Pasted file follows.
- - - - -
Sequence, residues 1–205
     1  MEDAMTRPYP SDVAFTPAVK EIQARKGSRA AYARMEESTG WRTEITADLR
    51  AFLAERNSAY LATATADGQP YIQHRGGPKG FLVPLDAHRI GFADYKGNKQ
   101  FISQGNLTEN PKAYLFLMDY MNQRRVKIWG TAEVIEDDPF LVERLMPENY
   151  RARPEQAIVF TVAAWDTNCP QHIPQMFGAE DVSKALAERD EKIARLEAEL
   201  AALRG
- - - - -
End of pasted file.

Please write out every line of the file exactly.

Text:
Sequence, residues 1–205
     1  MEDAMTRPYP SDVAFTPAVK EIQARKGSRA AYARMEESTG WRTEITADLR
    51  AFLAERNSAY LATATADGQP YIQHRGGPKG FLVPLDAHRI GFADYKGNKQ
   101  FISQGNLTEN PKAYLFLMDY MNQRRVKIWG TAEVIEDDPF LVERLMPENY
   151  RARPEQAIVF TVAAWDTNCP QHIPQMFGAE DVSKALAERD EKIARLEAEL
   201  AALRG